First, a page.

*  Exported from  MasterCook  *
                           Aunt Eloise’s Borscht
 Recipe By     : Eloise McMicken
 Serving Size  : 1    Preparation Time :0:00
 Categories    : Soups And Stews                  Vegetables
   Amount  Measure       Ingredient -- Preparation Method
 --------  ------------  --------------------------------
    4      Medium        potatoes -- cubed
    4      Tbsp.         margarine
    1      Medium        onion -- shredded
    1      Tin           tomatoes -- small, chopped
    2      Large         beets (or 3 small)
      1/2  Small         cabbage -- finely shredded
    1      Tbsp.         fresh parsley -- minced
      1/2  Tsp.          dried basil -- Rubbed To Powder
      1/2  Tsp.          Dried Oregano -- Rubbed To Powder
    3                    Sour Leaves Or Juice Of 1/2 Lemon -- * See Note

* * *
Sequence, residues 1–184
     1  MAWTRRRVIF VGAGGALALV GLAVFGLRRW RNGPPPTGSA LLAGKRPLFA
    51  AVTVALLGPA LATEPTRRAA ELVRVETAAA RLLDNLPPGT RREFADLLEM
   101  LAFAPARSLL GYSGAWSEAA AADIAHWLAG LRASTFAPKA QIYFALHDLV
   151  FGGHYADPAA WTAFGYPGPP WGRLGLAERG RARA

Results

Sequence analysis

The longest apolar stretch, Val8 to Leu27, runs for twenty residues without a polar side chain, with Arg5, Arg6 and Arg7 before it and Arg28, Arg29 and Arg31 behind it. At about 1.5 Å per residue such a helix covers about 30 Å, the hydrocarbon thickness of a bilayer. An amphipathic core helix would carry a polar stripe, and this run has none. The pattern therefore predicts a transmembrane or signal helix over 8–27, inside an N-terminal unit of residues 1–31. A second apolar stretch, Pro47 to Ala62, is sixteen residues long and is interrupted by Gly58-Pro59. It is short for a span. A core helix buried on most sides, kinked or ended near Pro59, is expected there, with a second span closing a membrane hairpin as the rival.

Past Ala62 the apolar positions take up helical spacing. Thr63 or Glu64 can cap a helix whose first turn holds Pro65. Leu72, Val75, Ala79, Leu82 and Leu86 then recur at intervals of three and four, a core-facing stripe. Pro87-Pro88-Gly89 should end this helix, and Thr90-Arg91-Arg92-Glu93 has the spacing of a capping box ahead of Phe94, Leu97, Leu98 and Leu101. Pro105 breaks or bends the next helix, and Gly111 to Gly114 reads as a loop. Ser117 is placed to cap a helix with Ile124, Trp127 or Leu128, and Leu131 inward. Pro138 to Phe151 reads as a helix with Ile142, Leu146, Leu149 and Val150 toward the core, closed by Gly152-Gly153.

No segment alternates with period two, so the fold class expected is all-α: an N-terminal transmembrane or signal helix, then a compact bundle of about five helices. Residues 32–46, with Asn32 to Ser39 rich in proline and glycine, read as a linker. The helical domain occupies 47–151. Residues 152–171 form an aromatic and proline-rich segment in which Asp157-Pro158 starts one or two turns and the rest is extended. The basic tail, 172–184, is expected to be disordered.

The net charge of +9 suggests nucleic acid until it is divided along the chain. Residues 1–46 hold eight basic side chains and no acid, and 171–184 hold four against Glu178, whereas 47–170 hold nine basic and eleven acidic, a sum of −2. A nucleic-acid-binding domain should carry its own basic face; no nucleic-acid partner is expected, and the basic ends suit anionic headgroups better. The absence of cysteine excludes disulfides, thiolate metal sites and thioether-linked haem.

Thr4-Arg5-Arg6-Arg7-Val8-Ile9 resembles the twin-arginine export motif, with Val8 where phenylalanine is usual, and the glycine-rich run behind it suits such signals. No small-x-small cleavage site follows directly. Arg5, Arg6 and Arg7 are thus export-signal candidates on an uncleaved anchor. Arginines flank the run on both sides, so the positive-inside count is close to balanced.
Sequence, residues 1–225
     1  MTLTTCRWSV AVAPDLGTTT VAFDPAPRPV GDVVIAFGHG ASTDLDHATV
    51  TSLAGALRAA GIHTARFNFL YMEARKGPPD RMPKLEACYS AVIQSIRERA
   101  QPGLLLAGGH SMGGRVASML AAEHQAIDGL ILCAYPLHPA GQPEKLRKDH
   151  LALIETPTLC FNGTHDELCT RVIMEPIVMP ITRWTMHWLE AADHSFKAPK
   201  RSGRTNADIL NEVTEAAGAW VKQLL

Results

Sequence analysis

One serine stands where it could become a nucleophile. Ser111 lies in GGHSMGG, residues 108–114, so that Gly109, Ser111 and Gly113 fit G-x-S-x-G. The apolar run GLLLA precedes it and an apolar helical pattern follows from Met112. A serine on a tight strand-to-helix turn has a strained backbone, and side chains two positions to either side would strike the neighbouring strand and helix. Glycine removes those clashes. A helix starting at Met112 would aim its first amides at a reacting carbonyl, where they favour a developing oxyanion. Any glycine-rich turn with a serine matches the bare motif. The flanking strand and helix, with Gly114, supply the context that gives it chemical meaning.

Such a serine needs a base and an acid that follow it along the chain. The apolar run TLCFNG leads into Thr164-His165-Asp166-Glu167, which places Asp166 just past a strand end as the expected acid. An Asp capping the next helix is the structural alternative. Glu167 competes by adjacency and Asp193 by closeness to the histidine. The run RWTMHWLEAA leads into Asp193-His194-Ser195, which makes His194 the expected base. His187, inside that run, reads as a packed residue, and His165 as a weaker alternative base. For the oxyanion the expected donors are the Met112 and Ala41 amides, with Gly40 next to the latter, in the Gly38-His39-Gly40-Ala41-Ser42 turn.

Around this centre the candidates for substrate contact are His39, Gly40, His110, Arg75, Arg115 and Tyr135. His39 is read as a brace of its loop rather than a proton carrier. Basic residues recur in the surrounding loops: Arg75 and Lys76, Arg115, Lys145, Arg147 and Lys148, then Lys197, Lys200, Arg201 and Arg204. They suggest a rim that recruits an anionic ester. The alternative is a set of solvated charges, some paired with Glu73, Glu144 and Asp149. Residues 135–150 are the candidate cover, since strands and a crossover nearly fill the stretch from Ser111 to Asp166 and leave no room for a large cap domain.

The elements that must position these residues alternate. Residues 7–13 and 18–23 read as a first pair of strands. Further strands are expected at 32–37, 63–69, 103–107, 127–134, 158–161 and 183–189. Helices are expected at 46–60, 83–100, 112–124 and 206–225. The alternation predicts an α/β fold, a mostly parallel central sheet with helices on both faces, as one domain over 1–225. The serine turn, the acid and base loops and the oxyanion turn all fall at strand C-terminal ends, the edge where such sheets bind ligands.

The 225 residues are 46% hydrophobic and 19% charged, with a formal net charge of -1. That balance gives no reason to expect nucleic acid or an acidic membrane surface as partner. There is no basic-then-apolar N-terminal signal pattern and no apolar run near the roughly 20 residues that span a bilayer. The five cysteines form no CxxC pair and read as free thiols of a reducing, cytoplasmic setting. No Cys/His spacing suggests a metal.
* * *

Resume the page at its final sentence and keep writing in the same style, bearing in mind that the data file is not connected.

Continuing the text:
* Sour leaves are interchangeable with sorrel leaves.
 Put the cubed potatoes into 3 litres (12 cups) of water in a pot and bring
 to a boil.
 Melt the margarine in a frying pan and sauté the onion until it is brown. 
 Add the tomatoes.
 Cook the beets, peel and then julienne. (Leave the root and 2-3 of stem on
 the beets or the color will 'bleed' from the beets before they get into
 your borscht.)
 Add to potatoes and bring to a boil.
 Add tomatoes and onions to the potatoes and beets and simmer.
 Add cabbage.
 Add the parsley, basil, oregano and sour leaves or lemon juice.
 Simmer pork bones in water, remove bones and scum, add potatoes and beets.
 Add garlic to tomato/onion.
 Add lentils or small navy beans - can be added the second day.
 Serve hot or cold with sour cream.
 Aunty Eloise says that there are many different kinds of borscht. You make
 lighter ones in the summer and richer heavier ones in the winter. Once,
 while on vacation in Los Angeles, I was talking about borscht to a nice
 American lady of German descent. She said that her family’s borscht didn't
 use any beets or sour leaves but that it did use sour salt. I had never
 seen or heard of such a thing but when I searched a local (LA) supermarket
 I had no trouble finding it. However, since then, I have not seen that
 ingredient in a local (MA) store or seen a recipe using it.
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